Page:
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 a brigade at Bowling Green. At Shiloh he distinguished himself, and covered the retreat of the army there and at Corinth. Having been promoted major-general April 14, 1862, he commanded a division at Vicksburg. He defeated the enemy at Baton Rouge, took possession of Port Hudson, marched to the relief of Bragg, and made a desperate charge at Murfreesboro. In 1863 he joined General Joseph E. Johnston in Mississippi, and repelled the enemy at Jackson. Returning to Bragg, he participated in the battle of Chickamauga and commanded a corps at Missionary Ridge. May 15, 1864, he defeated Sigel at New Market, Va., rejoined General Lee, and protected the communications during Sheridan's raid, and did good service at Cold Harbor. Then in conjunction with General Early he discomfited the Federals under Hunter, and made the campaign in Maryland, defeating Wallace at Monocacy. Subsequently he fought in the valley until given command in Southwest Virginia, whence he was called to the cabinet. On the collapse of the government he escaped to Cuba, and visited Canada and Europe before returning home. He then became vice-president of the Lexington and Big Sandy railroad. His death occurred May 17, 1875, at Lexington.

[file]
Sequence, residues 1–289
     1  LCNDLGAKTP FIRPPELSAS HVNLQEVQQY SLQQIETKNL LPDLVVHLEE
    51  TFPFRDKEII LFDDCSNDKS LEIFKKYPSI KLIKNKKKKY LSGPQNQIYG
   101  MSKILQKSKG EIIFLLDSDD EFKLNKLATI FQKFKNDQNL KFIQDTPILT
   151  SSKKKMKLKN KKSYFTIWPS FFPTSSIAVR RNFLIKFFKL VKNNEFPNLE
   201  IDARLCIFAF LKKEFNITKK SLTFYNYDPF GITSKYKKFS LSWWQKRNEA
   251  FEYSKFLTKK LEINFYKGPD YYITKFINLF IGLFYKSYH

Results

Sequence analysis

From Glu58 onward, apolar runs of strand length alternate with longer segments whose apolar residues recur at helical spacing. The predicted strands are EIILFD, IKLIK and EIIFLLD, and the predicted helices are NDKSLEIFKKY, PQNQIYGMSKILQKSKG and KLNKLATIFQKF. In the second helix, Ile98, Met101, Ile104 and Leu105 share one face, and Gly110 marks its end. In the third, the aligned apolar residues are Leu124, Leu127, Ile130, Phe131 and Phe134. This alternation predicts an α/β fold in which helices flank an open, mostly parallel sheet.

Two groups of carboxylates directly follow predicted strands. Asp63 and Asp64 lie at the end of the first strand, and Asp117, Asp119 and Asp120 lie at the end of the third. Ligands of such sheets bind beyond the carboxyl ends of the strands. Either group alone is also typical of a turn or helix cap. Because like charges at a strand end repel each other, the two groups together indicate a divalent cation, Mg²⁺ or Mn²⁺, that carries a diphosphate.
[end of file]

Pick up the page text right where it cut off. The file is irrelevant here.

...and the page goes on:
John Archibald Campbell, assistant secretary of war, was a Georgian by his birth in Washington, Wilkes county, in that State, June 24, 1811. His grandfather served on the staff of Major-General Greene during the revolution, and his father, Duncan G. Campbell, was a distinguished lawyer, and otherwise prominent in the-public affairs of the State. The education of Judge Campbell was obtained through the schools of his State, and in the university of Georgia, where he was graduated in 1826 with the first honors. He also had two years as a cadet at West Point, but resigned that position on the death of his father in 1828. He was admitted to the bar with Robert Toombs by special act of the legislature of Georgia
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